Should that state still be considered, for all time, to have ratified the amendment? Should they count toward the 3/4 even after the people of the state made it clear they don't want it?

There are six different amendments that have passed Congress, but have never been ratified by enough states to be considered part of the Constitution. I'll guarantee you that of those six, none of you will want all six of them. Should the states that have passed them be considered to have passed them for all time? i.e., no rescinding of the ratification is allowed, and none of the built in time limits that were part of the submission process shall be honored? An amendment, once passed by Congress, can never be withdrawn, ever, and once passed by a legislature can never be overturned by the voters of the state?

It's a truly bad idea.
It does seem like a built-in time limit for ratification schedule should be included in each proposed amendment.

Perhaps we should have an amendment to establish that!
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Old 8th January 2020, 07:56 PM   #18
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Originally Posted by Meadmaker View Post
What I find rather appalling is that the real issue here is not the Equal Rights Ammendment, but the process by which constitutional amendments get passed. Never mind the content of the amendment. Suppose an amendment is submitted, and a state legislature votes to ratify it. However, it is extremely unpopular in that state, and the following election, the members of the legislature who supported it are dumped. The new legislature votes to rescind the ratification.

Should that state still be considered, for all time, to have ratified the amendment? Should they count toward the 3/4 even after the people of the state made it clear they don't want it?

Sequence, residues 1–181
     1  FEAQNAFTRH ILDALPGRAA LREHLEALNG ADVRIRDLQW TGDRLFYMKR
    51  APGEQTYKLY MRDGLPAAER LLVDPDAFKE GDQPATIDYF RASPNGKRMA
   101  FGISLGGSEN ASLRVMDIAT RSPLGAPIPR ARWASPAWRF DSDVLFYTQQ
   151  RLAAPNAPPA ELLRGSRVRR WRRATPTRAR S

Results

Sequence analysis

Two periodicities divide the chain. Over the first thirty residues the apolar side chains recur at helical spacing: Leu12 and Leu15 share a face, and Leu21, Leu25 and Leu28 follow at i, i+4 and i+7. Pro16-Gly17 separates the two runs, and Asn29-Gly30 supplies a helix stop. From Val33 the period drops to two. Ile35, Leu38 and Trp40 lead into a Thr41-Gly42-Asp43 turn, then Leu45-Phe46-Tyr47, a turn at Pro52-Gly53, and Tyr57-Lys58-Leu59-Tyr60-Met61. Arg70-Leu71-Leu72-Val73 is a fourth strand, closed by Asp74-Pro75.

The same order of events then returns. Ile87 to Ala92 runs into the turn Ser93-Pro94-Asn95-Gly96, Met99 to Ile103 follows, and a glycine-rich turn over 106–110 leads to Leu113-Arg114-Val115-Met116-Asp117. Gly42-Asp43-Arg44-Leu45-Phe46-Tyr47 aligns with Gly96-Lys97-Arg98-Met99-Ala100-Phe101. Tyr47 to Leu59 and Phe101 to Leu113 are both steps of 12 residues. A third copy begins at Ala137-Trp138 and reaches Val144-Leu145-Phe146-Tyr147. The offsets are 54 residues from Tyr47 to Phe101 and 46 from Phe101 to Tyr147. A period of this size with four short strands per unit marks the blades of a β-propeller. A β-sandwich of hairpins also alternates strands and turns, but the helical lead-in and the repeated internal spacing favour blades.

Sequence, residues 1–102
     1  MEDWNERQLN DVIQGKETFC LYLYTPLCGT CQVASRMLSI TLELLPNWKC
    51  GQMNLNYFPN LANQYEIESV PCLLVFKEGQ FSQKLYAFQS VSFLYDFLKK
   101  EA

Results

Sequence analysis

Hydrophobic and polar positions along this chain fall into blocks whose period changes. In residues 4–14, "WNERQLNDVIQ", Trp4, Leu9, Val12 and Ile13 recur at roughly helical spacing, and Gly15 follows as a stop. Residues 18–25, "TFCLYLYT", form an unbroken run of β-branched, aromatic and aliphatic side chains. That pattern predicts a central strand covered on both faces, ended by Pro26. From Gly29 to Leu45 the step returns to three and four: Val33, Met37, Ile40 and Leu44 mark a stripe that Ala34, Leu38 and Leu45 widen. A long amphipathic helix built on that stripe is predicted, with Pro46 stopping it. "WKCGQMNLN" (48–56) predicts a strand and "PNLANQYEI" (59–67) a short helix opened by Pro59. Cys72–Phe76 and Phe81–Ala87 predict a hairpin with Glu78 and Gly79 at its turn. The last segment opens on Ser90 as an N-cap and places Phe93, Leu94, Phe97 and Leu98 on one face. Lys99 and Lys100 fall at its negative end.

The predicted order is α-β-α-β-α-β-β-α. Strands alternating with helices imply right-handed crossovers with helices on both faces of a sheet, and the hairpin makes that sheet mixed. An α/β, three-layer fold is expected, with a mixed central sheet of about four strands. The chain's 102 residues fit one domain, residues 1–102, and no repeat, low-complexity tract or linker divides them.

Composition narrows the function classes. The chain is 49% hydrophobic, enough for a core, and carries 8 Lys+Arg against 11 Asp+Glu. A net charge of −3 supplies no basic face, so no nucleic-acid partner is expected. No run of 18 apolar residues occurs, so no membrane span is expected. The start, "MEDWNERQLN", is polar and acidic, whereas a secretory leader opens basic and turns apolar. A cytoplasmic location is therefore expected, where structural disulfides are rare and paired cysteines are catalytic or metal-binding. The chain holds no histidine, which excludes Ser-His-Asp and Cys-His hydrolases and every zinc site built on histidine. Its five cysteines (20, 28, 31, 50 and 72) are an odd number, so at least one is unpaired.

There are six different amendments that have passed Congress, but have never been ratified by enough states to be considered part of the Constitution. I'll guarantee you that of those six, none of you will want all six of them. Should the states that have passed them be considered to have passed them for all time? i.e., no rescinding of the ratification is allowed, and none of the built in time limits that were part of the submission process shall be honored? An amendment, once passed by Congress, can never be withdrawn, ever, and once passed by a legislature can never be overturned by the voters of the state?

It's a truly bad idea.
Originally Posted by TragicMonkey View Post
It does seem like a built-in time limit for ratification schedule should be included in each proposed amendment.

Perhaps we should have an amendment to establish that!
This is where I'm at. I'm trying to figure out what legal strength the 7 year limit has and how it is applied.

Near as I can tell there is nothing inherent, baked into the Constitution that puts a time limit on an amendment process and I'm not totally unsympathetic to people not wanting to put into the process a loophole that will allow stalling or filibusters or "run out the clock" strategies so I'm okay with the process being pretty long, but this amendment has been going on since either the 1970s or the 1920s depending on how you want to look at it and that's... off.
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Old 8th January 2020, 07:57 PM   #19
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I'm not sure who Suddenly was addressing, but I do think there's a difference between statutory and constitutional law, which I think both Bob and the prestige are missing. We have seemed to decide that men and women are equal, at least mostly, but that equality is dependent on specific laws, and laws can be changed. Since laws are judged on their constitutionality, it would seem that an amendment would have more authority. From the theoretical standpoint, I think a unified declaration of equality differs from a collection of individual laws, even if the sum total of the laws addresses all the issues, or seems to at the moment.